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Governor’s “Stop Overdoses in PA: Get Help Now Week” Includes Distribution of Free Naloxone

December 10, 2018

Governor Tom Wolf has taken another step to reduce the stigma of opioid addiction and increase the use of the life-saving medication naloxone. Today he kicked off “Stop Overdoses in PA: Get Help Now Week,” a statewide initiative to distribute naloxone and get help for residents suffering from opioid-use disorder.

On Thursday, December 13, doses of naloxone will be available for free to any Pennsylvanian at nearly 80 locations across the state. Health centers, local health departments, churches, fire departments, and libraries across the commonwealth will be distributing the naloxone kits, many from 11 a.m. to 7 p.m.

The Governor and cabinet officials are hosting a week of events, including announcing an updated emergency department opioid prescribing guideline at Penn Medicine today. They will end the week with a pharmacy drug take-back event on Friday, December 15.

Today, Dr. Rachel Levine, Secretary of Health, joined officials from Penn Medicine to discuss the recently updated emergency department pain treatment guidelines for safe prescribing of opioids. The latest revision to the 11 safe prescribing guidelines was developed by the Safe and Effective Prescribing Practices Task Force. These guidelines help physicians as they treat patients in the emergency department who may need to be prescribed medication.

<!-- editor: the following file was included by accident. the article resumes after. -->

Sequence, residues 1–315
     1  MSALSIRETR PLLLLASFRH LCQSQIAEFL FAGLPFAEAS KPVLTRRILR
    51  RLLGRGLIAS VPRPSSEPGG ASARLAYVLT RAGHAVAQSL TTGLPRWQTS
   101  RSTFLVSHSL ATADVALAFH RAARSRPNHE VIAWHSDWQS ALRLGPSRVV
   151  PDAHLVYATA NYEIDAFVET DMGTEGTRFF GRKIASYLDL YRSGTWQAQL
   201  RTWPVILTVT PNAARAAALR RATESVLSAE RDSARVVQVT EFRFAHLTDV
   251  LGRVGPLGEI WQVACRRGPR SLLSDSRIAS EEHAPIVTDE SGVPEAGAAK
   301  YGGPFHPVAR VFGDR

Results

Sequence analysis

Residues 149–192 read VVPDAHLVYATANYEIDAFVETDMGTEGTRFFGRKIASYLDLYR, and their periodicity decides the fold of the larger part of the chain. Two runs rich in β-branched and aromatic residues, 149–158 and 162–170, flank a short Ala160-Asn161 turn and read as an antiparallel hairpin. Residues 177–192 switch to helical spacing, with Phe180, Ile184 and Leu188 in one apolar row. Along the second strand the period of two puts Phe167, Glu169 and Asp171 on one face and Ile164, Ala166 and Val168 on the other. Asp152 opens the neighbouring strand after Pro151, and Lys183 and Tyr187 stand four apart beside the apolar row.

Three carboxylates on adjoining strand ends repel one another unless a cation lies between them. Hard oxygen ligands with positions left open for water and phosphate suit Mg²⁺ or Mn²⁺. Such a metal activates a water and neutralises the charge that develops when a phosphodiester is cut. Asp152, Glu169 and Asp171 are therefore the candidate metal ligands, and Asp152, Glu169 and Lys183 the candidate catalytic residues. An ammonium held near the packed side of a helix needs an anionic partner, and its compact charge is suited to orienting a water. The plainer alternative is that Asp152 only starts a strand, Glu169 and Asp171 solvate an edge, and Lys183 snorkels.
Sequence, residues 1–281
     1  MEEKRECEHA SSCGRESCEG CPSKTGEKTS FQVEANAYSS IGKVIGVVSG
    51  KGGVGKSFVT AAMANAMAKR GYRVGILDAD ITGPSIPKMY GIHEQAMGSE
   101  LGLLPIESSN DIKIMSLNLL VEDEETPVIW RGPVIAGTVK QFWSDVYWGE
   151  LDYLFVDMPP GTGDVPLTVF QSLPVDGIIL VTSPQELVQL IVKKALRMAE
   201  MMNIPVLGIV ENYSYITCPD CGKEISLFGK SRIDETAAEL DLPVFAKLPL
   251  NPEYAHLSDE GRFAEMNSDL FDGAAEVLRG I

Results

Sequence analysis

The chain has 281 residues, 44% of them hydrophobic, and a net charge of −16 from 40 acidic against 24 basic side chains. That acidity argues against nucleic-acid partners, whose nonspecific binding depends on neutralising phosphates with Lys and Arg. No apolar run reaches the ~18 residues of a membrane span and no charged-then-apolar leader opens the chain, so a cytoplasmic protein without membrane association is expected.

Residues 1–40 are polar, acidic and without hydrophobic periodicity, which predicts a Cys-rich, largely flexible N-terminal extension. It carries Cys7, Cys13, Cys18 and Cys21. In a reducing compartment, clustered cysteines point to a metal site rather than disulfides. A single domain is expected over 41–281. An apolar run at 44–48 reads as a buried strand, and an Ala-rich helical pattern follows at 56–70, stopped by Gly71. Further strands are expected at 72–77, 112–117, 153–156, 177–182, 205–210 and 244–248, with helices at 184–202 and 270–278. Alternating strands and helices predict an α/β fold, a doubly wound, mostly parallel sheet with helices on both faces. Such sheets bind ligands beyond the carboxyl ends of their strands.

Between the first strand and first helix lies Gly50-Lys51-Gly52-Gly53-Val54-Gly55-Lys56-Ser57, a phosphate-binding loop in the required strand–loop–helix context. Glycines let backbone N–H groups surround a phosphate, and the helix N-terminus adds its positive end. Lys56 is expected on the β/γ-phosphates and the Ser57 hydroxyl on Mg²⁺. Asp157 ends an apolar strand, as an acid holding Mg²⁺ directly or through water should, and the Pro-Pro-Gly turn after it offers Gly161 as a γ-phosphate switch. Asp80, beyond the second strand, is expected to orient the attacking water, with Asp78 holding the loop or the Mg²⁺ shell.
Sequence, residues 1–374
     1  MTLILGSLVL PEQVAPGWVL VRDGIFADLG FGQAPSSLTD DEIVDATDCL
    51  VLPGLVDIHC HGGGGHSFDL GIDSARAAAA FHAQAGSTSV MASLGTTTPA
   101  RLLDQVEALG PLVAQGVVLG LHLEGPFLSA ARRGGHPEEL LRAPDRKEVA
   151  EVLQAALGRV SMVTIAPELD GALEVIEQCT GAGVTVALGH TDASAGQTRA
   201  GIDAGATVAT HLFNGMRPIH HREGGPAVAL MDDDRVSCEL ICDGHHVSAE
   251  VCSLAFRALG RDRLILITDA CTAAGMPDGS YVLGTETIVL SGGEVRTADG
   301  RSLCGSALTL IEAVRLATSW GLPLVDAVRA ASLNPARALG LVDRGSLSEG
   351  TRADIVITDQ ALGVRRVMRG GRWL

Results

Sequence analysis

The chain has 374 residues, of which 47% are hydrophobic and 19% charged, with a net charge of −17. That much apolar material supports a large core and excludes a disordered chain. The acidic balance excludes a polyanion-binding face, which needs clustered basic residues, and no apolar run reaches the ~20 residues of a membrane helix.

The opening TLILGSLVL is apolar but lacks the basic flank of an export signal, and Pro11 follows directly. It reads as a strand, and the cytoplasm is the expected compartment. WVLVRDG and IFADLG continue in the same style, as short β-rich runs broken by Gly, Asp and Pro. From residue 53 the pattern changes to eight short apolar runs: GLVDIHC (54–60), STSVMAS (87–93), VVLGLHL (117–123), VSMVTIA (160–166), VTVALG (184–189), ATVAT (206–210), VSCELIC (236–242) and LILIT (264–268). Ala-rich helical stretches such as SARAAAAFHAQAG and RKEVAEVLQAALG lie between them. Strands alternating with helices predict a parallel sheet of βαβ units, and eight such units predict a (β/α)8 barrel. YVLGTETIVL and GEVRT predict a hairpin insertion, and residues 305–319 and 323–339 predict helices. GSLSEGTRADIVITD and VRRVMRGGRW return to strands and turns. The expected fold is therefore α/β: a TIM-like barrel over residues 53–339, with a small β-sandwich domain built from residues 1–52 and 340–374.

According to the Administration, state statistics show that naloxone has been used more than 20,000 times by emergency services personnel and police. Secretary Levine first signed a standing order for naloxone during October, 2015. Since then, any person can obtain naloxone for themselves or a family member without a prescription.

“Ending the opioid epidemic will take time, collaborative resources, and funding,” said Dr. Michael J. Consuelos, HAP’s senior vice president, clinical integration. “We support Governor Wolf’s leadership, and HAP and the hospital community are committed to partnering with state government and community organizations to help individuals recover with dignity.”

For more information about HAP’s work to address the opioid crisis, contact Dr. Michael J. Consuelos, HAP’s senior vice president, clinical integration.

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